Why the Salaita case matters, outside the United States US Politics

When the University of Illinois at Urbana-Champaign revealed it was firing Professor Steven Salaita, within days more than 17,000 scholars signed a protest document, citing the infringement of Salaita’s free….

When the University of Illinois at Urbana-Champaign revealed it was firing Professor Steven Salaita, within days more than 17,000 scholars signed a protest document, citing the infringement of Salaita’s free speech rights and right to academic freedom—two of the mainstays of American higher education. It had been discovered that Salaita’s dismissal occurred after several wealthy donors and other powerful individuals had intervened in the academic appointment process, upset by several tweets Salaita had made critical of Israel’s attack on Gaza over the summer. Salaita is pursuing a legal case, but in the meanwhile his speaking schedule is full, as he has been issued numerous invitations to speak on his case and on academic freedom in general.

While Salaita drew massive support from colleagues, students, community groups, and others in the US, what has received less attention is the support he received from outside the US. This is extremely important, for as protests against Israel continue and in fact grow across the globe, one should understand that such acts of silencing resonate with those beyond US borders. The concept of academic freedom has a particular history in the US, emanating from the first decade of the twentieth century in reaction to the firing of professors for speaking out publicly in favor of views and policies decidedly not popular with university presidents and boards of trustees; most notably chastised and persecuted were those professors who espoused socialist and pro-union views. Today it is clear that criticism of Israel is the issue, and that the significance of Salaita’s case is not limited to the US.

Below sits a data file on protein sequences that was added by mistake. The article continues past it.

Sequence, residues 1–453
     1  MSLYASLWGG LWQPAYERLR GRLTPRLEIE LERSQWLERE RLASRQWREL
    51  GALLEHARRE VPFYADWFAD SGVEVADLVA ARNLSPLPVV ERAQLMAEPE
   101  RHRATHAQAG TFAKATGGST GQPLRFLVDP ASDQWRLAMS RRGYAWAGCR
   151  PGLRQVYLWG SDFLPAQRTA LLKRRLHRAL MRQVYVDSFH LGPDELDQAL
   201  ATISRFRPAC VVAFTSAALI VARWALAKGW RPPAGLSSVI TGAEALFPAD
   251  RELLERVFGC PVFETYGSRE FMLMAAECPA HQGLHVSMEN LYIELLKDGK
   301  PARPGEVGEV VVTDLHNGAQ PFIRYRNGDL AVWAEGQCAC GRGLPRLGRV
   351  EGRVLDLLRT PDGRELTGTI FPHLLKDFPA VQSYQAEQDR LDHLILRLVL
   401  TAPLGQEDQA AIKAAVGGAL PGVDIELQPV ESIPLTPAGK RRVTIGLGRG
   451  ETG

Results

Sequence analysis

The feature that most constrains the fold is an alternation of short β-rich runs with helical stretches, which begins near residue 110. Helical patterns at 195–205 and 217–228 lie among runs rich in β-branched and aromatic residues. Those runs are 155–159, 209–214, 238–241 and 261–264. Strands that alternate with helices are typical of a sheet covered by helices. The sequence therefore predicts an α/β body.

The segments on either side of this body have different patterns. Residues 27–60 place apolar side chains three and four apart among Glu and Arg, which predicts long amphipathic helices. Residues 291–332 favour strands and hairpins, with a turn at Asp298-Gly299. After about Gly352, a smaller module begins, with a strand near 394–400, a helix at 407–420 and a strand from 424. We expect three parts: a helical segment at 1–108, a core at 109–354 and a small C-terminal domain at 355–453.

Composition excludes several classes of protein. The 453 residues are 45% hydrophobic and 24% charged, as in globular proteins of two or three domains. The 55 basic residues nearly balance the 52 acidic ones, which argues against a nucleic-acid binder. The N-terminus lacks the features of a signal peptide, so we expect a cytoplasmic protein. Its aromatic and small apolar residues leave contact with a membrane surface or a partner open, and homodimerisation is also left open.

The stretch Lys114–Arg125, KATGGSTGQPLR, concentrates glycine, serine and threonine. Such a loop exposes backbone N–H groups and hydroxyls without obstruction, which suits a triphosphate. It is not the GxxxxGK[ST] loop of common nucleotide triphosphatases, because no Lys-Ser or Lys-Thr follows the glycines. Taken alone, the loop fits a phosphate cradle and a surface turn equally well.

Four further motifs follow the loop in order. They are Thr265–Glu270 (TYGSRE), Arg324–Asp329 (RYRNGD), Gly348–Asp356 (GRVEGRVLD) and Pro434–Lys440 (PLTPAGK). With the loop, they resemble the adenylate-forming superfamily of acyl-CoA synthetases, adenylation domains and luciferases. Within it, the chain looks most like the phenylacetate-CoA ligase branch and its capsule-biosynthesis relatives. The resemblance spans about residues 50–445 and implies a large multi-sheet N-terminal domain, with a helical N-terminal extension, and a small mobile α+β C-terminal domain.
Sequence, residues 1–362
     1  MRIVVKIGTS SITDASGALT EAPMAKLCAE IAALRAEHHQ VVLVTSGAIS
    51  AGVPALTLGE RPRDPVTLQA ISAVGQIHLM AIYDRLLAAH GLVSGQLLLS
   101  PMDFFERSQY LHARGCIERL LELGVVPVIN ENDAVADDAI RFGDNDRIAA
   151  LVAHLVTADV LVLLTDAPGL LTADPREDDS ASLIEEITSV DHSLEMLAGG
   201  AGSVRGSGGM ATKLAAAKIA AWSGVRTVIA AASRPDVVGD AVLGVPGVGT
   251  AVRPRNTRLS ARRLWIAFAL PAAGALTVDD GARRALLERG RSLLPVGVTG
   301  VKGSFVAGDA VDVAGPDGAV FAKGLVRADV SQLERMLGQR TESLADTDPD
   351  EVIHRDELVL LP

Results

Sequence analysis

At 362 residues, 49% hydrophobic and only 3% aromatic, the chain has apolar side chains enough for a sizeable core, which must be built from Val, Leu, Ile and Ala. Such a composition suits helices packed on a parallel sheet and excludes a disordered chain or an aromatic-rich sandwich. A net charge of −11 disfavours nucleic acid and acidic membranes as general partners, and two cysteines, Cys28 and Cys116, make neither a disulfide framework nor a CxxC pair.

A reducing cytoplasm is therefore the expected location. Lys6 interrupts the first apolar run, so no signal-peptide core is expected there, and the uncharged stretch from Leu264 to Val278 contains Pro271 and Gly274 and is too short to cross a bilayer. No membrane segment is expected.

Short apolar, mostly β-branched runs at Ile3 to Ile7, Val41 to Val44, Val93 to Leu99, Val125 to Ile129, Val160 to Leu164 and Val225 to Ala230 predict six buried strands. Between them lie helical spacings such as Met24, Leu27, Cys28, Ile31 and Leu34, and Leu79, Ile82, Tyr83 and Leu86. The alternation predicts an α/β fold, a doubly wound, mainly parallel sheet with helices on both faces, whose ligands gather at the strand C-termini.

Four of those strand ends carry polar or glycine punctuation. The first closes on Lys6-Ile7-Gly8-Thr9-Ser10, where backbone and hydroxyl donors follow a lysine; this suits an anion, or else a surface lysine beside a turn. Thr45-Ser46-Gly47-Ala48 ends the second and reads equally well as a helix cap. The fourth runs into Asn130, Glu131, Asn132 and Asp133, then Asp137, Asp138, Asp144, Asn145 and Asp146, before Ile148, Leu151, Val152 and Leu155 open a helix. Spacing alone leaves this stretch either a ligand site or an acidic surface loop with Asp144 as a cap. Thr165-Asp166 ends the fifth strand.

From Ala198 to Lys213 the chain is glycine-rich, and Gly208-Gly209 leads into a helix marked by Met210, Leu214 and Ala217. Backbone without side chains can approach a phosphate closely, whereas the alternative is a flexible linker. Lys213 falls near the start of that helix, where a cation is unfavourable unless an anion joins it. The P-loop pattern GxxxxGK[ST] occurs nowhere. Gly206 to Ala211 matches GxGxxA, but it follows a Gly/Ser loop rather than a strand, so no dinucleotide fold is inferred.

In France and the UK, the Association des Universitaires pour le Respect du Droit International en Palestine (AURDIP) and the British Committee for the Universities of Palestine issued a joint letter to University of Illinois Chancellor Phyllis Wise:

“We are particularly disturbed that Professor Salaita’s constitutionally protected expression of his views, not disseminated in the name of the university or at its expense, may have served as the stimulus for his dismissal… Perhaps most alarming are reports that your dismissal of Professor Salaita comes in response to pressure from individuals or organizations opposed to his political views. Increasingly, individuals or organizations are intervening in campus matters across the United States (and Europe), claiming to defend the ethnic or religious sensitivities of students from views they find objectionable. We regard these interventions, which have the effect of chilling freedom of expression, as profound infringements of the freedom of intellectual inquiry and deliberation which is fundamental to university life.”

Professor Ivar Ekeland, President of AURDIP, notes: